When people think of Georgia work injuries, the occupations that usually come to mind are construction, logging and other incredibly strenuous types of work. What many people don’t realize is that the restaurant industry generates an unexpectedly high number of workers’ compensation claims.
According to the National Restaurant Association’s website, there are roughly 14.7 million restaurant employees. That’s almost 10% of the total U.S. workforce. Jobs range from bussers and servers to line cooks and sous chefs, and everything in between. These jobs are often met with high-paced work environments, stressful shifts, and even occupational hazards that are sometimes not easy to spot and sometimes outright ignored. So what are these risks and what are the rights of restaurant employees who are injured? Let’s serve you some information.
A Menu of Hazards
Work hazards come in all forms, some more noticeable than others. While there are obvious dangers such as handling sharp objects or working over open flames, there are also restaurant work injuries that take time set in. For example, something as simple as constantly using a dull cutting knife can lead to muscle stress and injury within the wrists, forearms, shoulders, and upper back. Other underlying injuries that stem from repetition can be due to constant heavy lifting or long periods of uncomfortable standing on hard surfaces, both of which oftentimes leave workers with debilitating back problems later in life.
Strenuous repetition is not the only form restaurant-related injuries take. Many others happen within a blink of an eye, sometimes leaving the employee unable to work for a period of time. These more dramatic injuries can be the result of burns, cuts, slips, and falls. Many restaurant members who work in the kitchen are subjected to meeting their ticket times while working with extremely hazardous objects such as knives. The pressure to prepare and deliver a customer’s food in a timely fashion can lead to injuries ranging from minor cuts to major lacerations. These same factors oftentimes play into burn-related injuries, where a cook may come in contact with hot grease or searing flames that not only inflict intense pain, but also leave lasting scars.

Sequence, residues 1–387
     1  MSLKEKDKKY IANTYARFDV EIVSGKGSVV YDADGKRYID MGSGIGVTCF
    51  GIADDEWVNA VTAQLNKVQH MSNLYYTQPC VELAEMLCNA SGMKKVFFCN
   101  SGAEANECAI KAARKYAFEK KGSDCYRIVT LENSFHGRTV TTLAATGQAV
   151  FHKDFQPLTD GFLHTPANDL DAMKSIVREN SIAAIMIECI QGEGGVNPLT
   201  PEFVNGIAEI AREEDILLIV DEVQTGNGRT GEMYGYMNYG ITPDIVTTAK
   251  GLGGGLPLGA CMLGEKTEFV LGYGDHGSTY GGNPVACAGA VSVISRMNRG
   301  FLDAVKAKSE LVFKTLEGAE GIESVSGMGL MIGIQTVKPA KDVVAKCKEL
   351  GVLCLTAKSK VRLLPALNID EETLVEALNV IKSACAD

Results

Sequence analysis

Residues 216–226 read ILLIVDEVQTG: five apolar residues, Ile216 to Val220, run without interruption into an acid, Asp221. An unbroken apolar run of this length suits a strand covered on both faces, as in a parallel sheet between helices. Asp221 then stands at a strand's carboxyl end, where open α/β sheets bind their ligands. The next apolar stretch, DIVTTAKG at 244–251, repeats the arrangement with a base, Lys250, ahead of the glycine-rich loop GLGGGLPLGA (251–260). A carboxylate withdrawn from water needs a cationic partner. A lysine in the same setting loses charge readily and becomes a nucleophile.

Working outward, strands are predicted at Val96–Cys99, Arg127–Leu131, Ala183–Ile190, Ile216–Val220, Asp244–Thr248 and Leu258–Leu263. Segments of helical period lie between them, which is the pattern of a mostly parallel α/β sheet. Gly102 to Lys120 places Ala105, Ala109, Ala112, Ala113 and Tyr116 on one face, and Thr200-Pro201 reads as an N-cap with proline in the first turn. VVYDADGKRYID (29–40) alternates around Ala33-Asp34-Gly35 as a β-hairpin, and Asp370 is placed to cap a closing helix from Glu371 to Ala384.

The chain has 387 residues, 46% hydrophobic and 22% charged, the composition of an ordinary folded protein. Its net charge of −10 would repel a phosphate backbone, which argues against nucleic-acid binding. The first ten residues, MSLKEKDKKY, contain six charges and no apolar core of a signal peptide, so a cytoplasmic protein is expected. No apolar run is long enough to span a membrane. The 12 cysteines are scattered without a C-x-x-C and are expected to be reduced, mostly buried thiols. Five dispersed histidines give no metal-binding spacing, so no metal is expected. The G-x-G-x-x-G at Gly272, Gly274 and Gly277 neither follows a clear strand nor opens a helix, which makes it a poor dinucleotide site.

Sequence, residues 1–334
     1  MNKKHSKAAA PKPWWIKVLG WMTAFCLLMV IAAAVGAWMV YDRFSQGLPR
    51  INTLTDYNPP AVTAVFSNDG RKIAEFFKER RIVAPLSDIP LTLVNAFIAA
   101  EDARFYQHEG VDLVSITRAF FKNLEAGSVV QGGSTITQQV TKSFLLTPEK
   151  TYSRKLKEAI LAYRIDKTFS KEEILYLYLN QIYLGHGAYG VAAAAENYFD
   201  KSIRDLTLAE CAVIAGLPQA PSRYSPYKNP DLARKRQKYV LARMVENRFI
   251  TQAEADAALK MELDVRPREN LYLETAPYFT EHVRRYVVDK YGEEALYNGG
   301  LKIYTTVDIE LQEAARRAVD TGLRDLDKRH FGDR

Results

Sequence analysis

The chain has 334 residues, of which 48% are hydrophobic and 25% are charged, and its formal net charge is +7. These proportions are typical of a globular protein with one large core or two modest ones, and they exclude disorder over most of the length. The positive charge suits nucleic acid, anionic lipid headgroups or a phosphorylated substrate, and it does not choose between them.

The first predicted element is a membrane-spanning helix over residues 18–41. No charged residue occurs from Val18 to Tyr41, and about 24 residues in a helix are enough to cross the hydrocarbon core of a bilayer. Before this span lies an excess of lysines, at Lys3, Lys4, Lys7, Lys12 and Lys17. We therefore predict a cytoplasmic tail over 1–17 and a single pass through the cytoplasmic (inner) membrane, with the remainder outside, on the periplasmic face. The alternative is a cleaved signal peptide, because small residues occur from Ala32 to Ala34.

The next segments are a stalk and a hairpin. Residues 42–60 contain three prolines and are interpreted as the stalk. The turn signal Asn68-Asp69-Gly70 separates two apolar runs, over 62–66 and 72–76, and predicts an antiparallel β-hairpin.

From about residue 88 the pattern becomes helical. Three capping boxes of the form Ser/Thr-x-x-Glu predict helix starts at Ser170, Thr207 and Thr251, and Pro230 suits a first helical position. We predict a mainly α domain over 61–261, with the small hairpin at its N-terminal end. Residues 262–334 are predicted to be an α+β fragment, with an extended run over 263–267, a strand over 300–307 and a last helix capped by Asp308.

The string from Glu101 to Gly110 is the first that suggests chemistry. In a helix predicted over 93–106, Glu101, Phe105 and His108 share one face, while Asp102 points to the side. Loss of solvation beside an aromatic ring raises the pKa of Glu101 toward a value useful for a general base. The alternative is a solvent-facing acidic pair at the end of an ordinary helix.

Employees who work at the “front of the house” must be mindful of hazards, as well. While servers and hosts are not working directly with dangerous culinary tools, the constant pressure to be as attentive to each customer brings its own dangers such as slips and spills. Walking across wet floors or wearing improper footwear can leave a worker taking a tumble that may end up causing more than just embarrassment. Lack of housekeeping or employers failing to inform their workers on proper uniforms and guidelines can oftentimes be a recipe for disaster.
The use of chemicals (often times used during routine cleanings) should be handled with care. Proper safety wear should be provided as well as adequate labeling on each product. The mishandling of things such as grease cleaners, especially when placed in contact with open cuts or wounds, can create costly health problems for workers down the road.
So What Are Your Rights?
If you’ve been injured at work, after seeking immediate medical attention and documenting and reporting your injury, the next step should be to contact an attorney. Whether you choose our firm or not, we recommend getting representation from a workers’ compensation attorney with experience in representing injured restaurant workers like we do. An experienced attorney can explain the law as it relates to your specific situations and guide you towards action that could lead to the best possible outcome for you.
You have rights. Many are provided by OSHA (Occupational Safety and Hazard of the U.S. Department of Labor). Remember, employers are responsible for ensuring their employees are able to work in a safe, non-threatening environment.
Employees are also have the right to:
-File a complaint with OSHA if health expectations are not met.
-Request information from employers on health and safety hazards.
-Review the Log and Summary of Occupational Injuries and Illnesses.
-Access relevant exposure and medical records,.
-File discrimination complaints if subjected to dangerous work.
-Request to be involved in any meetings or hearings surrounding objections by your employer to any OSHA complaint.
Knowing your rights as an injured restaurant employee can help you avoid the perils of the job and keep you protected if you are ever subjected to unfair treatment after an injury.
With all of this said, it should always be your first priority to ensure you are following the safety guidelines set out for you as well as taking necessary precautions. Stretch before lifting anything heavy, wear the correct protective gear when using chemical products, and more. If you or someone you know has suffered a work injury of any kind, call The Law Office of Susan Mager. We are always here to stand up for injured workers, represent them aggressively, and do all we can to get them the greatest compensation possible for their pain, suffering, and lost wages.